“Corrective measures must be taken to eliminate scientific misconceptions about Indians, their culture, and their past” (60).
“There needs to be a way that Indian traditions can contribute to the understanding of scientific beliefs at enough specific points so that the Indian traditions will be taken seriously as valid bodies of knowledge” (60).
“I hope that the next generation of scholars, Indians and non-Indian, will force open any breaches I have identified in the wall of scientific orthodoxy and make honest people out of scientists who are now afraid to publish their true beliefs and thoughts out of concern for peer conformity” (232). He goes on to list several areas in which he believes this should happen: creation, volcanism, the early climate, geological columns, living fossils, dinosaurs, radiocarbon dating, and clovis points.
Overall, Deloria ends his argument with more sense and less anger than when he began. He says, “We are living in a strange kind of dark ages where we have immense capability to bring together information but when we gather this data, we pigeonhole it in the old familiar framework of interpretation, sometimes even torturing the data to make it fit” (231). I like his description, and I too can see disadvantages to having so much information at our fingertips. It is overwhelming and hard to think straight. However, all of this information can only do us good in the long run.
What do you think? Are stories just as valuable in conveying truth as science is?
Deloria, Jr. Vine. Red Earth, White Lies: Native Americans and the Myth of Scientific Fact. New York: Scribner, 1995.
Nice post. Interesting book. I do think modern science has become entrenched and a bit dogmatic — much like the Church in the Middle Ages. It’s almost heresy to say that science might have a few things wrong. But they might. Thanks for the thought-provoking post, Emily.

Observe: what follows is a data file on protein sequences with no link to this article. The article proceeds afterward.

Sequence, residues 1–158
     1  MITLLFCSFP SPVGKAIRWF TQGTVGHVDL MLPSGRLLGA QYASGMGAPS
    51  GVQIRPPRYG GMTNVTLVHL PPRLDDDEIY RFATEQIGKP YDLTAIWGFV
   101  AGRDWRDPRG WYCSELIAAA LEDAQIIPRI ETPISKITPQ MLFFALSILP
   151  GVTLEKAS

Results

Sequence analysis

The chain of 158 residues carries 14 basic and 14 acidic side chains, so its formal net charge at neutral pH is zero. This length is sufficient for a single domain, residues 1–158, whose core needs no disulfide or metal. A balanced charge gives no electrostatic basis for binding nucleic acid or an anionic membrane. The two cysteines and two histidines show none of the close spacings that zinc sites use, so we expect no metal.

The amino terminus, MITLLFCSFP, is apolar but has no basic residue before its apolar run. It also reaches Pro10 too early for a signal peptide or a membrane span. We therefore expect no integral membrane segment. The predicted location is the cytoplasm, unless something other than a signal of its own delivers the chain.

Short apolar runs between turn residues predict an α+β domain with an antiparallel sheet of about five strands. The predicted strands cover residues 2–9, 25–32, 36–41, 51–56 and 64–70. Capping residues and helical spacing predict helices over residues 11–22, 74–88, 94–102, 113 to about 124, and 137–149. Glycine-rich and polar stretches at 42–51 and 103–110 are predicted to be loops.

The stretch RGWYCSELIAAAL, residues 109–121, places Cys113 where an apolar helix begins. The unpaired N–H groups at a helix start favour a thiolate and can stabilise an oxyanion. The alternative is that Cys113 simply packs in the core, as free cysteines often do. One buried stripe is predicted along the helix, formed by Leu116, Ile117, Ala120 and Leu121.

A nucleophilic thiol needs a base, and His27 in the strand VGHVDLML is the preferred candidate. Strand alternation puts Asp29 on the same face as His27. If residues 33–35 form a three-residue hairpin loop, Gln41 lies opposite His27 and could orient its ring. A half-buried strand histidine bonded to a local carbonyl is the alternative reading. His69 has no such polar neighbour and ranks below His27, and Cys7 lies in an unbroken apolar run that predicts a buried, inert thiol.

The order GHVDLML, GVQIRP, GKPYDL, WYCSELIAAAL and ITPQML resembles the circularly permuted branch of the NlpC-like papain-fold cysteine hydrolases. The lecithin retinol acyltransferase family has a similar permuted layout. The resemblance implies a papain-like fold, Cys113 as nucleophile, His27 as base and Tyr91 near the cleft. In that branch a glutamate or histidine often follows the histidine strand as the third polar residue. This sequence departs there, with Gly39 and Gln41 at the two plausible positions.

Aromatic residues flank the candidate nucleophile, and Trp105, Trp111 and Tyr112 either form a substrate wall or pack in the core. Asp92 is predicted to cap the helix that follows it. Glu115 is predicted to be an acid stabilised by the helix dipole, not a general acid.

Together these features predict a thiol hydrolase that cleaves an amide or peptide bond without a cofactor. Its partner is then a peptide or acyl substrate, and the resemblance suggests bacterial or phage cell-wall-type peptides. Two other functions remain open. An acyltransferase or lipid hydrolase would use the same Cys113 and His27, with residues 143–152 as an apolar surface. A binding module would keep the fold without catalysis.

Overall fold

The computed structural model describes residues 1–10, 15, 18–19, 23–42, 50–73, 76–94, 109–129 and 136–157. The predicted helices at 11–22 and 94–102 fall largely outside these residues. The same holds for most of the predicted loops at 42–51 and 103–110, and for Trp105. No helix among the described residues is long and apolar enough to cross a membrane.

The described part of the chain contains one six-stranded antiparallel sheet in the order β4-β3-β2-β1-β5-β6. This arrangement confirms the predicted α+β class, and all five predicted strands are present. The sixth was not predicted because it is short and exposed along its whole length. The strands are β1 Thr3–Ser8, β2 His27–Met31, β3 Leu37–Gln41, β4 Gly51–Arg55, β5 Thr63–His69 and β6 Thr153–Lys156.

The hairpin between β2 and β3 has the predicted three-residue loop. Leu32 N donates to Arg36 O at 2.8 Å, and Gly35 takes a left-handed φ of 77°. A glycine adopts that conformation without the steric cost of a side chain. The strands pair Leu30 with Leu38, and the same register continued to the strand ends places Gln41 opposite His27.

You’ve hit the nail on the head in comparing it to religion. I recently read an essay for one of my classes that explores the positivist view of science and how it isn’t necessarily the best view, especially when the humanities need to be talent into account. The author used religious words to describe the scientific establishment, which I thought was a nice twist on this theme of it being dogmatic and entrenched. Thanks!
Interesting. But people who tend to criticize science are usually too lazy to study and examine data – some of which stands up to scientific scrutiny and some of which does not. Luckily, scrutiny, confirmation and replication of findings is the cornerstone of scientific research. Modern science is revealing facts about the universe that people wish were otherwise (to wit, data on global warming, or evolution of man and other species) so they tend to just reject the data and grumble something about “bad” scientists. It’s true that modern instrumentation and technology is hard follow at first and people are intimidated and feel overwhelmed. But it remains possible to actually sit down and examine the data. It’s true that there are misconceptions about Amer Indian cultures and a continuing history of exploitation. The history of Native Americans needs to be illuminated; their traditions maintained and many Native americans are doing just that.